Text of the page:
Discussing FEC confirmations, Wash. Post omitted that Bush withdrew nomination of chairman who questioned McCain loanJune 25, 2008 5:29 PM EDT ››› BRIAN LEVY
In a June 25 article on the Senate's confirmation of five new commissioners for the Federal Election Commission, The Washington Post did not note that President Bush withdrew the renomination of FEC chairman David Mason, who has requested that Sen. John McCain assure the FEC he did not act improperly by signing a loan agreement that could have forced him to remain in the race -- even if he had no chance of winning -- in order to be eligible for public matching funds to repay the loan. As Media Matters for America has noted, Mason has stated that McCain cannot opt out of public financing in the primary without FEC approval, as McCain has attempted to do, meaning that every day that McCain spends beyond the limits of the public financing system -- which he has already exceeded -- he could be breaking federal law. The Post did not mention that Bush withdrew Mason's renomination despite reporting: "The six-member panel has been unable to consider action this election year because only two commissioners were left after three recess appointments expired in December. ... The FEC thus could not resolve a range of disputes, including questions about Republican Sen. John McCain's withdrawal from the public financing system during the presidential primaries."
By contrast, on June 24, the Associated Press reported:
Earlier this month, President Bush decided to withdraw Mason's nomination, prompting a protest from [Senate Majority Leader Harry] Reid [D-NV] and from watchdog groups.
Mason has on few occasions voted with Democrats on regulatory matters. Earlier this year, he angered officials in Republican John McCain's presidential campaign by raising questions about a loan McCain obtained and by informing the campaign that it needed a vote of the commission before withdrawing from the primary's public financing system. Earlier this year, the Democratic National Committee filed a complaint with the FEC over McCain's loan and on Tuesday it sued in federal court to compel the FEC to investigate the matter.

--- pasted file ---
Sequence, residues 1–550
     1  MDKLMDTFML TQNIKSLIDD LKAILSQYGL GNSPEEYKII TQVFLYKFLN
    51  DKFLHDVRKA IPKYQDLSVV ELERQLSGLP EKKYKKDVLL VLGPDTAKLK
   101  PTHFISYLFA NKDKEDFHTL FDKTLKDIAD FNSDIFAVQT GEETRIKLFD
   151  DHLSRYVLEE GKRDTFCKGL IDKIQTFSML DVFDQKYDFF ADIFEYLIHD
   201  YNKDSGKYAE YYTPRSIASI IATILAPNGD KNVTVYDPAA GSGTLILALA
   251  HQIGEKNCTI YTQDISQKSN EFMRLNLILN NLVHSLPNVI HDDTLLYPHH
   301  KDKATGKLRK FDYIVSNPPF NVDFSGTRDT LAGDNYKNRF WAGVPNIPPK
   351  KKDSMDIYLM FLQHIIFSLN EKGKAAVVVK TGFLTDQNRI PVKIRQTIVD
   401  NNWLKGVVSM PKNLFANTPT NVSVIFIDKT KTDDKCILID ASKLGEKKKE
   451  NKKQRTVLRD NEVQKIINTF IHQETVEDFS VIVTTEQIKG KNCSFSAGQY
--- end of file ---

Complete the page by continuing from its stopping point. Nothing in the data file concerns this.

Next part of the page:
The Post also failed to mention Mason's withdrawn renomination to the FEC in a May 17 article, as Media Matters noted at the time.
The June 25 Post article by reporter Matthew Mosk, in its entirety:
The Senate confirmed five new commissioners for the Federal Election Commission last night, ending a six-month impasse during which the agency was paralyzed by its lack of a quorum.
"We're finally going to restore the FEC," Senate Majority Leader Harry M. Reid (D-Nev.) said as the chamber prepared for the voice vote.
The six-member panel has been unable to consider action this election year because only two commissioners were left after three recess appointments expired in December. Democrats blocked consideration of any replacements over objections to one of President Bush's choices, former Justice Department official Hans von Spakovsky, whom they accused of politicizing cases of voting rights.
The FEC thus could not resolve a range of disputes, including questions about Republican Sen. John McCain's withdrawal from the public financing system during the presidential primaries. And it was blocked from drafting congressionally mandated regulations to force congressional candidates to disclose how much money lobbyists are raising for their campaigns.
The logjam was broken last month when von Spakovsky withdrew his name from consideration.
The new members of the FEC are Cynthia L. Bauerly of Minnesota, Caroline C. Hunter of Florida, Donald F. McGahn of the District and Matthew S. Petersen of Utah, the current chief counsel for the minority on the Senate Rules and Administration Committee. Steven T. Walther, one of the recess appointments, was confirmed to a full term. The five will join commissioner Ellen L. Weintraub.